This past week, I had the opportunity to speak at a local event celebrating and remembering those who have passed away in the last year — primarily those who had been supported by one of the local hospice organizations. It was a beautiful, touching event, one that impacted me more than I expected.
The great thing about being in a room of grieving people is the shared understanding. No, we don’t completely understand what motivates each one of us, as we each have our own experiences that shape us. The love and acceptance in that room? Amazing!
That evening I spoke about grief, specifically about some of what I have learned in the last years. Here is a bit of what I talked about:
- Grief is exhausting, period. It is exhausting to carry the weight of that loss around all the time.
- Grief does not get better, it gets different. You get to a point where you make a very uneasy peace with it.
- It can still sneak up and smack you when you least expect it, driving you to your knees. For example, later in the week, I went to a school concert. I was keeping an eye on all the moving parts, when suddenly, out of the corner of my eye, I saw a tall young man in a work jacket, wool cap, lots of curly blond hair sticking out under the cap, big work boots clomping on the gym floor. For a moment, I thought it was Sam. My heart raced with the completely unrealistic jump of joy that it was Sam. And then the reality hit, it was just a young man who looked a lot like him — and in that crowded room, in my official role, I had to suck in my breath, hold back the tears, clench my fists until the nails bit into the palms, and find my center again.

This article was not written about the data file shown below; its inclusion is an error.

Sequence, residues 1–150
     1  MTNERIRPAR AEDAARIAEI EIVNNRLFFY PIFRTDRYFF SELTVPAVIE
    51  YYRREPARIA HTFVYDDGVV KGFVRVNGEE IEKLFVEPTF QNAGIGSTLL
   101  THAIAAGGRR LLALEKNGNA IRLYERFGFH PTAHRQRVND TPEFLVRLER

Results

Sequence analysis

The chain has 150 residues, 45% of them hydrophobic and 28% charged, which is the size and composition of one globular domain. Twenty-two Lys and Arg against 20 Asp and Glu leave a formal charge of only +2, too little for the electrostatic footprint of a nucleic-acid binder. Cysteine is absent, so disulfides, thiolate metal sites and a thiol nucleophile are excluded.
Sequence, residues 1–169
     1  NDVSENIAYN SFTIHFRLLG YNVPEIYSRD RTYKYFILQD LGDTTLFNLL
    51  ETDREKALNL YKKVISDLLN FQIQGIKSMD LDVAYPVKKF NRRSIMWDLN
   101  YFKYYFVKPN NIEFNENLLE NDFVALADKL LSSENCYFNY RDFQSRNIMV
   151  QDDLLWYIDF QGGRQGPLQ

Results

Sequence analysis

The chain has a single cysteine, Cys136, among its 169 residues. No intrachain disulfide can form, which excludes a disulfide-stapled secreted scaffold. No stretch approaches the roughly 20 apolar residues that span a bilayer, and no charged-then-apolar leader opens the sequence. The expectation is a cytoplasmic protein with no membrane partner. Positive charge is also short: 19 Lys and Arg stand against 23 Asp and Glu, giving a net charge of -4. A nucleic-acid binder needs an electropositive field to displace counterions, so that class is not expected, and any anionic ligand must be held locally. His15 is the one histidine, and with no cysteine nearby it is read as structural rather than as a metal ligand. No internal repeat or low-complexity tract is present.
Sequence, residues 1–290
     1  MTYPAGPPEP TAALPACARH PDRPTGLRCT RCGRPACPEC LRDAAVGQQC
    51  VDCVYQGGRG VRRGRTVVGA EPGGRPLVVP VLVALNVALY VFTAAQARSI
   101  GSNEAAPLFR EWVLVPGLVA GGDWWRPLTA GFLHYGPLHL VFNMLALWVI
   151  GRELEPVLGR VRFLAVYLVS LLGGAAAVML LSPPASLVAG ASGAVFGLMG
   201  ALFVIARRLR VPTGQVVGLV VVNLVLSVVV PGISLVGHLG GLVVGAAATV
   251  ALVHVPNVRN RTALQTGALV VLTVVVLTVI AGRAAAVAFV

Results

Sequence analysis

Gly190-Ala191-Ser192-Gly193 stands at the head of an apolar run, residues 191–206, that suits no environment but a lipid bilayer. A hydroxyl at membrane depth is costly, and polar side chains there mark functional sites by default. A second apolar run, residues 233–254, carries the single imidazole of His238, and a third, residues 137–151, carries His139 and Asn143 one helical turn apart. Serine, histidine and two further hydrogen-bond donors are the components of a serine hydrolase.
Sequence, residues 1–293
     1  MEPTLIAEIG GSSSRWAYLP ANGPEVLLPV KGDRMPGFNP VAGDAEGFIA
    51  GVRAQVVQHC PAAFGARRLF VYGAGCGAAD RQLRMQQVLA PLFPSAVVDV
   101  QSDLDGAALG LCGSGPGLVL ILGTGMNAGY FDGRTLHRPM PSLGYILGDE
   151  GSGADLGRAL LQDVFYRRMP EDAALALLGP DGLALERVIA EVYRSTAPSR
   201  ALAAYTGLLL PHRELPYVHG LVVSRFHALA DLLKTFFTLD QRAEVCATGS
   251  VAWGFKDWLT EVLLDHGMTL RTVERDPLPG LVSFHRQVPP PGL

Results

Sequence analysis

- The people we have lost had passions. I think we owe it to them to keep their passions alive. They liked to fish? Teach someone to fish. They liked to bake cookies? Share that favorite recipe. Sam loved unconditionally? We need to keep that love alive.
- Joy will return. It takes a while, you feel guilty at first, but it does happen. You do reach a point where you smile talking about them more than you cry.
- Be gentle with yourself. That is true whether or not you are grieving. We all are doing the best we can on any given day. Be gentle with yourself and others, ask for help when you need it, offer help when you can.
- Love, love, love. Love often, fiercely, unconditionally. Take all that love rumbling around inside of you for the person who is gone, and shine it back on the world. Be that relentless love in the world.